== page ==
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Kugenuma Fushimi Inari Shinto Shrine

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  • Shobaihanjyo (Success in Business)
  • Kanaianzen (Family’s Safety)
  • Mubyosokusai (Good Health)
  • Gohkakukigan (Passing Exams)
  • Yakuyoke (Protecting from Danger)
  • Kohtsuanzen (Traffic Safety)
  • Shinganjyoju (Fulfilling Praying)
  • Omiyamairi (Happiness for Babies)
  • Shichi-go-san (Celebrating the Children Growth)

Kugenuma Fushimi Inari Shrine provides the following various kinds of prayers for:

  •  Hatsumiyamoude (Happiness for Babies)
  • -Kohtsuanzen (Traffic Safety)
  • -En-musubi (Good Chance of Marriage)
  • Shichi-go-san (Celebrating the Children to be seven, five, three years old)
  • Anzan Kigan (Easy Delivery)

Shinto Festivals

  • Uka-no-mitama-no-ohkami
  • Satahiko-no-ohkami
  • Ohmiya-no-me-no-ohkami
  • Tanaka-no-ohkami
  • Shi-no-ohkami

“Inari-no-ohkami” is the generic names of these five kami (deities).

“Inari”

The name of kami (deity), “Inari” means the kami (deity) that grows rice. (“Inari” means rice growing. “Ina” can be called “Ine”. ”Ine” means “rice.”)
The Japanese people have continued to eat rice as their staple food to keep their lives. Rice
grows by receiving blessing from heaven, earth, and nature. There is no exaggeration to say that “Inari-no-ohkami” is the kami (deities) to protect the lives of the Japanese people, and the symbol of miraculous heaven and earth.

This is the root of the faith in “Inari”. Today, “Inari-no-ohkami” collects faith widely as the guardian kami (deity) of Shobaihanjyo (Success in Business), Kanaianzen (Family’s Safety), Kohtsuanzen (Traffic Safety), and Geinoujyotatsu (Better Performing Arts). The power spreads to anywhere in Japan.

(1) Uka-no-mitama-no-ohkami

As explained about this kami (deity) in the old “Norito” (Shinto praying words) “Kore Ine no Mitama nari Uka-no-mitama nari”, “Uka-no-mitama ?no-ohkami” is the kami (deity) of grain. “Uka” can be called “Uke”, “U” means “good”, “Ka” or “Ke” means food. “Mitama” means the power to grow life. “Mitama” means the precious power of the source to grow cleaness. This kami (deity) is enshrined as a deity for lives.

According to the legends of kami (deities), our food such as five staple grains, fish, livestock, and silkworms used for basic materials of clothes has been brought by this ohkami. Amaterasu-ohmikami (the ancestral sun deity) instructed rice as the staple food for the Japanese people. Japan has been called “Toyo-ashihara-no-mizuho-no-kuni” as the base national prosperity. (“Mizuho-no-kuni” means “the Land of Rice-plants.”)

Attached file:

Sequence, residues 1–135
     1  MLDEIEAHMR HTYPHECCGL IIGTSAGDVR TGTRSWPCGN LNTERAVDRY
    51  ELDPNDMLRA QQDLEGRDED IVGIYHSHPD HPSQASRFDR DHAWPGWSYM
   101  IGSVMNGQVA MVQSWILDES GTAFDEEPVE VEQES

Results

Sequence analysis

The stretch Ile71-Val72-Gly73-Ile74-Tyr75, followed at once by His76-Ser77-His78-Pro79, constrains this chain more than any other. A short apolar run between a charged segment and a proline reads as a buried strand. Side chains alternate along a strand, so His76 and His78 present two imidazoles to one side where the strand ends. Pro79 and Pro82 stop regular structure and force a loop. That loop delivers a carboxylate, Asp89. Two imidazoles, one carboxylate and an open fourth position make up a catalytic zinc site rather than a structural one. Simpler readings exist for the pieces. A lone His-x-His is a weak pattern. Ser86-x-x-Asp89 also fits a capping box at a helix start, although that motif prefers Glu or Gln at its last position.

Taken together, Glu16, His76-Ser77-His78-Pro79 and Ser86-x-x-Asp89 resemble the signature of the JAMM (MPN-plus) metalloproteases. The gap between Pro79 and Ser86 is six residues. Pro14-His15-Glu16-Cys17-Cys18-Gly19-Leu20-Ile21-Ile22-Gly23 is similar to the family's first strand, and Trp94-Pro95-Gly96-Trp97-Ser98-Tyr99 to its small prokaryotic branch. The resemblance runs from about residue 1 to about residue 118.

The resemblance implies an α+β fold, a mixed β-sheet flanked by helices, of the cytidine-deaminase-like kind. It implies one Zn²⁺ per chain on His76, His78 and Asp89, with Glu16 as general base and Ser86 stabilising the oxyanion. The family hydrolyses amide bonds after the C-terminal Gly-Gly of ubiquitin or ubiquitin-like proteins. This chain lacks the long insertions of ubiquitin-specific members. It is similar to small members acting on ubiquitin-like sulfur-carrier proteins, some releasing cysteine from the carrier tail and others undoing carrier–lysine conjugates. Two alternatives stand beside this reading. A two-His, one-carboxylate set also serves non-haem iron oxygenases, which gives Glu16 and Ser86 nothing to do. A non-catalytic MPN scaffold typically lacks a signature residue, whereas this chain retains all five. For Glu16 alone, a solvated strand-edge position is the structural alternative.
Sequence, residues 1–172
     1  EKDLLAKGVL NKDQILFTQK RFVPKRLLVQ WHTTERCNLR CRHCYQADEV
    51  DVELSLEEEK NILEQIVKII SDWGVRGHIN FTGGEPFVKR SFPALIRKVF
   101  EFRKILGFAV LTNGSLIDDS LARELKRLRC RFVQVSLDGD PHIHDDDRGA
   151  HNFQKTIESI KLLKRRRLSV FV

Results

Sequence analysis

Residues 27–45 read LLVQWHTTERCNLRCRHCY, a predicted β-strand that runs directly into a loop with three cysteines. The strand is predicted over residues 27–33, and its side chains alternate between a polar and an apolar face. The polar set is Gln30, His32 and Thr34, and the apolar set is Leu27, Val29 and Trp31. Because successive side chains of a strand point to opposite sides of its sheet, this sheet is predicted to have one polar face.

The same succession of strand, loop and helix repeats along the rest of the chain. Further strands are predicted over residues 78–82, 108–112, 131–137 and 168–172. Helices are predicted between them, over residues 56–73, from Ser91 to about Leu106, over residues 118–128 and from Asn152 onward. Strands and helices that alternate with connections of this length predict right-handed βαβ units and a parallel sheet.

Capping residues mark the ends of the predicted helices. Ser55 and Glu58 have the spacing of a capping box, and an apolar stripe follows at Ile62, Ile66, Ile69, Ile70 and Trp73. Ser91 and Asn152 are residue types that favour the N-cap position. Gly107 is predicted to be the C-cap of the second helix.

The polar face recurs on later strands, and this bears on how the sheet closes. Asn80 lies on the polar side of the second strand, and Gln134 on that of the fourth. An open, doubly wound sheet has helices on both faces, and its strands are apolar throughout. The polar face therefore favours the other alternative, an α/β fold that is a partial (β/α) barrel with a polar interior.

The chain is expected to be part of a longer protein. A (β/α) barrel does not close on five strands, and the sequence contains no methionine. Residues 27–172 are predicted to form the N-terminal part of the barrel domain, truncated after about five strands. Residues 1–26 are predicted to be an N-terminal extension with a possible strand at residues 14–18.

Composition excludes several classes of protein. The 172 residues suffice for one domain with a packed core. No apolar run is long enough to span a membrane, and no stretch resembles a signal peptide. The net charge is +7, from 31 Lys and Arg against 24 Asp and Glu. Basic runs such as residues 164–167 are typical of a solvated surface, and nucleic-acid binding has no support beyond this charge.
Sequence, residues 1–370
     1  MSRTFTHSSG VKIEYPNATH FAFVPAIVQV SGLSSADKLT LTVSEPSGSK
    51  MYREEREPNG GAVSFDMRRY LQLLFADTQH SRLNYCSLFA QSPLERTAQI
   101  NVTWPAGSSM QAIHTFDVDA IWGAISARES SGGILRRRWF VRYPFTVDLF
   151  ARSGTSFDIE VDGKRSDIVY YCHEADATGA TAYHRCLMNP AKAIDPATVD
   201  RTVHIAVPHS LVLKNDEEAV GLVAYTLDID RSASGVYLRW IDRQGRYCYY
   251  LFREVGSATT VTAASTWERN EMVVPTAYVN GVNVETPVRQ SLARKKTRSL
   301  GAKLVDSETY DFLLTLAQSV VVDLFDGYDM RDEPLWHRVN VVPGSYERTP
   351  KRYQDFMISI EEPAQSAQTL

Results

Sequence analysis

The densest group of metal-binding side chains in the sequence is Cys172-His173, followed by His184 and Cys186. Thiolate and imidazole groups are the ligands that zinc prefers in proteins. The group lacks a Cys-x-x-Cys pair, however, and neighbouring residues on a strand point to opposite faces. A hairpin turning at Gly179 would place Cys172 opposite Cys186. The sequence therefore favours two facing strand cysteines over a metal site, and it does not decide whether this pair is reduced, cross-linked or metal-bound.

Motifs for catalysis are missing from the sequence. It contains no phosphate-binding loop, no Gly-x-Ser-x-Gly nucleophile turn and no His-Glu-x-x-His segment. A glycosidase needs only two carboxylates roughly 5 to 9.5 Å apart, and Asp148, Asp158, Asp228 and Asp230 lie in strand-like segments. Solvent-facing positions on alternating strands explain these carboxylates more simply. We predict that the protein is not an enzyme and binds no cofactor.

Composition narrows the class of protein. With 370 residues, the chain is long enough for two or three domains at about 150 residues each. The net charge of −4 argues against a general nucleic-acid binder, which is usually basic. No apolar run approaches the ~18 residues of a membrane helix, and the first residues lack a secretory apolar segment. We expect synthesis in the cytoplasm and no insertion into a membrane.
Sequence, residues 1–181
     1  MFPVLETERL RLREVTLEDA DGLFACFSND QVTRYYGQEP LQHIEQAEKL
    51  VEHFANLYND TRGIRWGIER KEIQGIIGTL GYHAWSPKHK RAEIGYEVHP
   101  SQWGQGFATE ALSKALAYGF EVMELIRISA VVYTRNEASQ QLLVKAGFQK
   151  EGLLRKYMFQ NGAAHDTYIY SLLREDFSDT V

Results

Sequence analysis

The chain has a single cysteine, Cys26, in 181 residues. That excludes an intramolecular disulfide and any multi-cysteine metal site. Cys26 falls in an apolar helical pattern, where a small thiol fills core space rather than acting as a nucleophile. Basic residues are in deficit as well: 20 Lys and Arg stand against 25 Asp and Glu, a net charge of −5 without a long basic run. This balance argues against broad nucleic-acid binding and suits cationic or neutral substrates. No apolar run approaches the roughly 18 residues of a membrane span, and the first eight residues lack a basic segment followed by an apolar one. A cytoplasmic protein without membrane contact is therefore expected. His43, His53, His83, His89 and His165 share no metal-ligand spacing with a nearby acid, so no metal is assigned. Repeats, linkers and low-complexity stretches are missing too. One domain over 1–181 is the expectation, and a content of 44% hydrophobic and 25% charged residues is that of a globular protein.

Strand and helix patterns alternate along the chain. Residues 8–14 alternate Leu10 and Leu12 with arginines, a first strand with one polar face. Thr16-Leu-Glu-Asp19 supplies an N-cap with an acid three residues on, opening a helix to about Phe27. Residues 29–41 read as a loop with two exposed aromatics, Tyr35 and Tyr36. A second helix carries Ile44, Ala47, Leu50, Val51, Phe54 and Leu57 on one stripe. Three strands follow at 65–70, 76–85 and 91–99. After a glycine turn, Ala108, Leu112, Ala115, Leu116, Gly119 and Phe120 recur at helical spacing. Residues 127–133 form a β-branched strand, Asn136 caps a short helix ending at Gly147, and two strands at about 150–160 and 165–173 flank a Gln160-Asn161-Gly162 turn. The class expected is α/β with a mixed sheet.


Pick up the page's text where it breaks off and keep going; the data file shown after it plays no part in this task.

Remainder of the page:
(2) Satahiko-no-Ohkami

Satahiko-no-Ohkami lead Ninigi-no-mikoto (grandson of Amaterasu-ohmikami) and his party to Mt. Takachiho-no-mine in Hyuga (the old name of Miyazaki prefecture in Kyushu) at the time of his descent from “Takama-no-hara” (High Heavenly Plain).
This kami (deity) is the guardian kami (deity) for better luck and traffic safety.

(3) Ohmiya-no-me-no-ohkami

Ohmiyanome no Ohkami worked under Amaterasu-ohmikami (the sun deity) in “Takama-no-hara” (High Heavenly Plain), then served as a closed advisor to the emperor on the earth. This kami (deity) had a peaceful relationship between kami (deities) and people, or between rulers and servants, and dedicated warm heart with thoughtful care and graceful wording. Inari-no-oh-kami (five deities) is respected as a guardian kami (deity) of success in business, because of Ohmiya-no-me-no-ohkami ‘s behavior and mind, following this kami’s wisdom and quick action, charm and rhetoric.

(4) Tanaka-no-ohkami

Tanaka-no-ohkami is believed that the people living at the foot of Mt. Inari have worshipped since before Inari Shinto Shrine was enshrined.

(5) Shi-no-ohkami

Shi-no-ohkami is believed that the Hata family who worked as Shinto priests have worshipped from ancient times.

WAKIMIZU (Water upwelling from the ground)

topimage04When the well was sunk, it stroke the vein of water issuing a lot, and used as “Goshinsui” (The water blessed from kami (deity).”
The “WAKIMIZU” water is used for tea, coffee, or alcohol and water. It contains minerals a lot. Built on the right of the approach to the shrine, the prayers pass “Ohtorii” (the large Shrine gate”) and “Taikobashi” (the winding bridge), and then wash their hands, rinse their mouths, cleanse their bodies here to offer pray. The “WAKIMIZU” water is upwelling throughout the year.

Annual Events

  • Hatsumode
  • Ohharae
  • Shichi-go-san
  • Setsubunsai
  • Shinkousai
  • Reitaisai
  • Wakimizusai

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